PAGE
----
Looking back from a distance, whether that be time or physical separation, can provide us with a fresh perspective on who we are and how far we've come. In our daily lives, Earth appears flat and limitless under the shielding blue sky, but seen from afar it's a little ball suspended in the incomprehensible vastness of outer space. Just looking at the photo below makes us all feel a little closer.

Earth and the moon photographed at Mars on October 3, 2007 by NASA's Mars Reconnaissance Orbiter. At the time it was taken, Earth was 88 million miles (142 million km) from Mars. (NASA)
Earth and the moon photographed at Mars on October 3, 2007 by NASA's Mars Reconnaissance Orbiter. At the time it was taken, Earth was 88 million miles (142 million km) from Mars. (NASA)

Every one of us will spend our entire life going around a single star, the sun. We celebrate each orbit with a birthday. Birthdays humanize a maddeningly repetitive cosmic cycle. That's our job though, right?. To soften the edges of existence and create meaning in life through love, curiosity and purpose.

On Feb. 14, 1990, NASA’s Voyager 1 took this photo of Earth at a distance of 3.7 billion miles (6 billion km) from the sun. The image inspired Carl Sagan to write:  "Look again at that dot. That's here. That's home. That's us." (NASA)
On Feb. 14, 1990, NASA’s Voyager 1 took this photo of Earth at a distance of 3.7 billion miles (6 billion km) from the sun. The image inspired Carl Sagan to write: "Look again at that dot. That's here. That's home. That's us." (NASA)

In the modern era, space missions like Apollo and Voyager have provided fresh perspectives on how we see Earth in a cosmic setting. We can do the same for the sun by taking an imaginary trip to next nearest star system, Alpha Centauri. From here we can look back at our own solar system from a new vantage point.

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Alpha Centauri and the Southern Cross are just now returning to view in the dawn sky seen from the southern hemisphere. (Stellarium)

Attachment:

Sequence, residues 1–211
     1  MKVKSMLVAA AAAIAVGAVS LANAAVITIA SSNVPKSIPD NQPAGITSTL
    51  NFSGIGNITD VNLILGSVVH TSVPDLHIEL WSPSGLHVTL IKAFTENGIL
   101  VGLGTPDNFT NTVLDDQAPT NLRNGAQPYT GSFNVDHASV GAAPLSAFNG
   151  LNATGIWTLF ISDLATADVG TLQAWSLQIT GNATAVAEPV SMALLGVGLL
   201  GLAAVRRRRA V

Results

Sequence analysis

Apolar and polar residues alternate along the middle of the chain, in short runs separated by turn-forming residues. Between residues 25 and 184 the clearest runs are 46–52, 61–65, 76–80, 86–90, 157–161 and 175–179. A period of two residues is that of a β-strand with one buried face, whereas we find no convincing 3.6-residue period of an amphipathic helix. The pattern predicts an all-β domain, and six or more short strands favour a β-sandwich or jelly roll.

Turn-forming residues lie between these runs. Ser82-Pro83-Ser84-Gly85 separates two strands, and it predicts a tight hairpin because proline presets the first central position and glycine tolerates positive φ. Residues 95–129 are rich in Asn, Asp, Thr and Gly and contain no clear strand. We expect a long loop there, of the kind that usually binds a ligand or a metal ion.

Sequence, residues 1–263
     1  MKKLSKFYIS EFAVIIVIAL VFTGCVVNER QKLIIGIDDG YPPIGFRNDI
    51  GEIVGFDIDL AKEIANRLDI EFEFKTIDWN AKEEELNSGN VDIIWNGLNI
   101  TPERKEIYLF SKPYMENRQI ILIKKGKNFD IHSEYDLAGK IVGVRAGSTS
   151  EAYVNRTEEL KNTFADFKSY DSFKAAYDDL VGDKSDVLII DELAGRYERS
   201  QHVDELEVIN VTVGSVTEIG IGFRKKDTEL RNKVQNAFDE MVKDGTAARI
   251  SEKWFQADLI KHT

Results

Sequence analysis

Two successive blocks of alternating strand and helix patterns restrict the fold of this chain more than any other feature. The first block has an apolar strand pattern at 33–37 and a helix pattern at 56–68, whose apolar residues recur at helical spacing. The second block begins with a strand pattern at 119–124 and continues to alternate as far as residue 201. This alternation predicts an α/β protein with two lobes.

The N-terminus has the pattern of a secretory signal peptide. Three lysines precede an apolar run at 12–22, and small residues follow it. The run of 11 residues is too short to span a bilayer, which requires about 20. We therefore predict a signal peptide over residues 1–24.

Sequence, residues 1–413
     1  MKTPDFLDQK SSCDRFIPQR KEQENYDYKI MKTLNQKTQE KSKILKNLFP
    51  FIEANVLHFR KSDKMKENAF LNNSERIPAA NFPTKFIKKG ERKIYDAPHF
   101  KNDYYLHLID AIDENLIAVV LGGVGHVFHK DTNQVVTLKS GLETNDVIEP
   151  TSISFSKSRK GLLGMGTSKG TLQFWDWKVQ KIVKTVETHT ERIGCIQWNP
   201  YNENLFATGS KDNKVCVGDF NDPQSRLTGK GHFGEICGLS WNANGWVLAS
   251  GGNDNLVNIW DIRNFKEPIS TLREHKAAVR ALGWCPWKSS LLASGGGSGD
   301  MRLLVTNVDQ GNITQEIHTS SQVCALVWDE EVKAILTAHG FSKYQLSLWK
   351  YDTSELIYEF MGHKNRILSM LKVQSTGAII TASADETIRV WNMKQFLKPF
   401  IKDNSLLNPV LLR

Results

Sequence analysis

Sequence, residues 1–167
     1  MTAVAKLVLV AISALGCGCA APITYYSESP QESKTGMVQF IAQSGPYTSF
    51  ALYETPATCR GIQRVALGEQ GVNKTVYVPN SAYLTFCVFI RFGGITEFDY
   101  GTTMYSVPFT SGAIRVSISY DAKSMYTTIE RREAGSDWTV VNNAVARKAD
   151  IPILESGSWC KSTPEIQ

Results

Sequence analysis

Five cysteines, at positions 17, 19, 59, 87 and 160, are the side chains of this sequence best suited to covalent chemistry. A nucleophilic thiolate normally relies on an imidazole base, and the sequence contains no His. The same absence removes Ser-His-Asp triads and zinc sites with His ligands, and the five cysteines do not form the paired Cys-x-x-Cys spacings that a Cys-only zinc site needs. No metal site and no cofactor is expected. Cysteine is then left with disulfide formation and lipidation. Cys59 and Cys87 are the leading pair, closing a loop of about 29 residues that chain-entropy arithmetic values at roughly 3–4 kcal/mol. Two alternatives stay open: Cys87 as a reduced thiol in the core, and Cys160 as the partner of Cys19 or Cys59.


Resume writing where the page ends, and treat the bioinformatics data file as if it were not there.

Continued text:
Alpha Centauri and the Southern Cross are just now returning to view in the dawn sky seen from the southern hemisphere. (Stellarium)

Alpha Centauri is a triple star in Centaurus the centaur, a constellation best visible from the southern hemisphere. The brightest stars, Alpha Centauri A and B, appear as a single star to the naked eye, but a small telescope will split them into a brilliant, close pair. Both are similar to the sun in size and located 4.37 light years or about 26,000,000,000,000 (trillion) miles away. Alpha Centauri C, better known as Proxima Centauri, is a smidge closer than the bright binary at 4.24 light years.

This illustration compares the relative sizes of the sun, Alpha Centauri A and B and Proxima Centauri. RJ Hall / CC BY-SA 3.0
This illustration compares the relative sizes of the sun, Alpha Centauri A and B and Proxima Centauri. RJ Hall / CC BY-SA 3.0

Proxima is a much fainter, smaller and less massive star called a red dwarf about one-seventh the diameter of the sun. While Alpha Centauri AB is the third brightest nighttime star after Sirius and Canopus, Proxima shines meekly at magnitude 11.1 and requires a small telescope to see. But it has something its brighter, bigger siblings don't have — planets. If we're going to look back at the sun it would be nice to do it from the surface of a planet just as we look up into the sky from Earth's surface.

Artist's conception of Proxima Centauri b as a rocky-like exoplanet, with Proxima Centauri and the Alpha Centauri binary system in the background. Proxima b is the closest exoplanet to the solar system. (ESO / M. Kornmesser)